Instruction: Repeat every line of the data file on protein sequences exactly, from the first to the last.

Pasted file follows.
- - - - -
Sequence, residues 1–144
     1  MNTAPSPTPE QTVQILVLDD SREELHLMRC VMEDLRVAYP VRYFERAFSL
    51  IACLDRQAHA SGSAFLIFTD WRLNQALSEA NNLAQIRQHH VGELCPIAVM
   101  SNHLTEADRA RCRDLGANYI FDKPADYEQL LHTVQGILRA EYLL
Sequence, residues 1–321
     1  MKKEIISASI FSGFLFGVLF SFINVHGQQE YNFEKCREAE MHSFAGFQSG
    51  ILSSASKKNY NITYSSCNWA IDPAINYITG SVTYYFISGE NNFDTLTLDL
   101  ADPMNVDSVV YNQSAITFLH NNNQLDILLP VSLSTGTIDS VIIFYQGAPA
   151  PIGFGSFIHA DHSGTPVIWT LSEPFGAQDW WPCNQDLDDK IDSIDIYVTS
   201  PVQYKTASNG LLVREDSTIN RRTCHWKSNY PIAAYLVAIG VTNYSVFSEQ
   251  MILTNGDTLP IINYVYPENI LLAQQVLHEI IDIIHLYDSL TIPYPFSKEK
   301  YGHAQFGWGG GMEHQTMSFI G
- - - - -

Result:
Sequence, residues 1–144
     1  MNTAPSPTPE QTVQILVLDD SREELHLMRC VMEDLRVAYP VRYFERAFSL
    51  IACLDRQAHA SGSAFLIFTD WRLNQALSEA NNLAQIRQHH VGELCPIAVM
   101  SNHLTEADRA RCRDLGANYI FDKPADYEQL LHTVQGILRA EYLL
Sequence, residues 1–321
     1  MKKEIISASI FSGFLFGVLF SFINVHGQQE YNFEKCREAE MHSFAGFQSG
    51  ILSSASKKNY NITYSSCNWA IDPAINYITG SVTYYFISGE NNFDTLTLDL
   101  ADPMNVDSVV YNQSAITFLH NNNQLDILLP VSLSTGTIDS VIIFYQGAPA
   151  PIGFGSFIHA DHSGTPVIWT LSEPFGAQDW WPCNQDLDDK IDSIDIYVTS
   201  PVQYKTASNG LLVREDSTIN RRTCHWKSNY PIAAYLVAIG VTNYSVFSEQ
   251  MILTNGDTLP IINYVYPENI LLAQQVLHEI IDIIHLYDSL TIPYPFSKEK
   301  YGHAQFGWGG GMEHQTMSFI G